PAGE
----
What you need to know about Germany’s quarantine and test changes in December

This month there are changes to the way that testing and home quarantines will take place in Germany. Here's an overview.

What you need to know about Germany's quarantine and test changes in December
Employees at the private test centre at Berlin's BER Airport. Photo: DPA

New regulations from the Health Ministry, due to come into force on Wednesday, provide for the increased usage of rapid antigen coronavirus tests in Germany – for example in the care sector and in schools

For travellers coming from risk areas abroad, however, coronavirus tests will soon no longer be free of charge.

Here's what's changing this month in Germany under the new rules.

Reduced quarantine period

Due to the increased availability of more rapid antigen tests across Germany, the government and states have agreed to allow a “test-based reduction of the quarantine period”.

On December 1st the quarantine period for those who've come into contact with coronavirus-infected people was reduced from 14 to 10 days. This shortened period can only take place if a negative test result is presented.

“A shorter quarantine period relieves the burden on the citizens concerned and the health authorities and mitigates the economic consequences of quarantine orders for the individual and for the national economy,” said the government and states.

IN DETAIL: Germany extends coronavirus shutdown and tightens restrictions

The cost of the test is covered by health insurance. A doctor or the public health department will determine whether you are a contact person.

A first-degree contact person is someone who has had contact with a person who has tested positive for Covid-19 for more than 15 minutes, with a distance of less than 1.5 metres.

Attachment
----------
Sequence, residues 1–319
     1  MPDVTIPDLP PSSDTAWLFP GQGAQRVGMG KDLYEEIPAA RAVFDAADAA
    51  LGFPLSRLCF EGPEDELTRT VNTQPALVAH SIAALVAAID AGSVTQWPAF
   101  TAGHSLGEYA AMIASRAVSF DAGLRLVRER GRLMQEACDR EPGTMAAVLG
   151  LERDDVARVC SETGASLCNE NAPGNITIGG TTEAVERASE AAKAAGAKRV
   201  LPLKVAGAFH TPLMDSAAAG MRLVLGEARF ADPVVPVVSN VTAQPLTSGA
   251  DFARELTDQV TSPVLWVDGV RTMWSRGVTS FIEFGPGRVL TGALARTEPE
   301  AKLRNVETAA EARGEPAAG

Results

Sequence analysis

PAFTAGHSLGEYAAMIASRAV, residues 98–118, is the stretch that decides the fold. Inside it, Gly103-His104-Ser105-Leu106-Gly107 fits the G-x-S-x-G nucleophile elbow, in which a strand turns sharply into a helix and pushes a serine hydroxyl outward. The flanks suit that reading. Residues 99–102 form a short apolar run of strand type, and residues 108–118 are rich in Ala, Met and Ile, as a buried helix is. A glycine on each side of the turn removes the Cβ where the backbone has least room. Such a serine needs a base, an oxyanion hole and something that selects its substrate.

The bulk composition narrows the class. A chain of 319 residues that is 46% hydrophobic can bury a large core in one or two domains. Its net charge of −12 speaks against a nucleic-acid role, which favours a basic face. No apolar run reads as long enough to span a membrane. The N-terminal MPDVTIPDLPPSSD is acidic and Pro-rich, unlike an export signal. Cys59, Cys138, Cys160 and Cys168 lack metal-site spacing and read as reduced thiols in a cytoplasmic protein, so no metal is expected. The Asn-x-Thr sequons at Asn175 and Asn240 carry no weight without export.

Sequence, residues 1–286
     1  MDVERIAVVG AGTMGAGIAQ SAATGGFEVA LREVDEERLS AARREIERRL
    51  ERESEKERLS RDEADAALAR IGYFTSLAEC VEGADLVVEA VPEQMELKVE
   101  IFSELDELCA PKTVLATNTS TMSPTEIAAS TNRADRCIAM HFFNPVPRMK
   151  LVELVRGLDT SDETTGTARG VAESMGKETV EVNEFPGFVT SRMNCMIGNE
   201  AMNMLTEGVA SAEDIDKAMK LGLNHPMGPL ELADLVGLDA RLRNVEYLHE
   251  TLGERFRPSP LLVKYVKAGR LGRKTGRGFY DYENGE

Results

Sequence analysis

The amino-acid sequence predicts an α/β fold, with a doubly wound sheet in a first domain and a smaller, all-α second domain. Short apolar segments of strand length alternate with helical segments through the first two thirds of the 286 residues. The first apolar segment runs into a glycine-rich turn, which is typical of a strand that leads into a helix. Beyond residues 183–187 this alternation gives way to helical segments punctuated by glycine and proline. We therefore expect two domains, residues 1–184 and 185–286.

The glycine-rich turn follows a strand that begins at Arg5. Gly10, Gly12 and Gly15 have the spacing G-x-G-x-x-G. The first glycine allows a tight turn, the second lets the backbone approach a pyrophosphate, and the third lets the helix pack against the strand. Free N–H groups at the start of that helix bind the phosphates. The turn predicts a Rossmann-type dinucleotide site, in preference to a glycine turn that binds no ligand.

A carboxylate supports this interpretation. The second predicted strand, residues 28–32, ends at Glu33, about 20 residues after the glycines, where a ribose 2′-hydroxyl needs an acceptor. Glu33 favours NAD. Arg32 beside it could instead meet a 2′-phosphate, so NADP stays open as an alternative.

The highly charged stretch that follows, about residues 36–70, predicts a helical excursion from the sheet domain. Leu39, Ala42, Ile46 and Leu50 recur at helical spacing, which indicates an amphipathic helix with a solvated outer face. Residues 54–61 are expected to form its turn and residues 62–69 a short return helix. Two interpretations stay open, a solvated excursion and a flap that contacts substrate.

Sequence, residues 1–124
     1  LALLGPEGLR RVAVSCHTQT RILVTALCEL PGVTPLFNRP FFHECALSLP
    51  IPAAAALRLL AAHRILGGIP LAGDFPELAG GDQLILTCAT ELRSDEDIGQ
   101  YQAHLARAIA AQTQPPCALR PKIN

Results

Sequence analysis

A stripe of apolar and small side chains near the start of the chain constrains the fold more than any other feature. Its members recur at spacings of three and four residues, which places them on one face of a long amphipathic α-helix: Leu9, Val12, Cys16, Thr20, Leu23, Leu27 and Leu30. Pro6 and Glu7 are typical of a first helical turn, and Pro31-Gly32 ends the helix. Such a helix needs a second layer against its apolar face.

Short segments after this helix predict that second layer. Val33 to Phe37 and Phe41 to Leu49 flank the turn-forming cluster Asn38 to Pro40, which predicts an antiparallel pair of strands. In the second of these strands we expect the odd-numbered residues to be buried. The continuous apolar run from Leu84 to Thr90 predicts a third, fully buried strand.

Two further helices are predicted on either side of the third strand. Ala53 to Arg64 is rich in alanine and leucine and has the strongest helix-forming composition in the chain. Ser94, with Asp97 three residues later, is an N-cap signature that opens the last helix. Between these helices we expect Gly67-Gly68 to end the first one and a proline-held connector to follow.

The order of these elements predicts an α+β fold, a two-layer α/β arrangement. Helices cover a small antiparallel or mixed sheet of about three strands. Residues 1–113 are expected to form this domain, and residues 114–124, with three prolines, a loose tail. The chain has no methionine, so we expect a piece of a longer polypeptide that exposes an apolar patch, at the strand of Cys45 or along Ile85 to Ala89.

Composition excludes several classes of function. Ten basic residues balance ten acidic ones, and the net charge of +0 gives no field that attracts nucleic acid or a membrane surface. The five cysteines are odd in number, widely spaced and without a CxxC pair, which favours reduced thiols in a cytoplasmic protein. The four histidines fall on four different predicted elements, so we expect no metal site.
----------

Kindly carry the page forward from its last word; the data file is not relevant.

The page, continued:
If you test positive for Covid-19, you should continue the quarantine and your doctor or health provider will instruct you on the next steps.

Photo: DPA

No more free tests for people returning from risk zones

At the moment when people come from a high risk area abroad they have the option of being tested for coronavirus free of charge at the earliest five days into the required 10-day mandatory quarantine.

However, this offer will expire soon: from December 16th onward tests will no longer be free of charge for those arriving in Germany from risk zones, DPA learned from Health Ministry circles.

Additionally, people who make an “avoidable trip” to risk areas will no longer receive compensation for loss of earnings during the quarantine period.

There are some exceptions to this rule, such as deaths or family emergencies.

The Robert Koch Institute publishes a list of countries considered risk areas.

READ ALSO: Germany to scrap free coronavirus tests after travel


Rapid tests for risk groups

Nursing homes, hospitals and doctors' surgeries should be able to use more rapid antigen tests – on patients, residents, staff or visitors.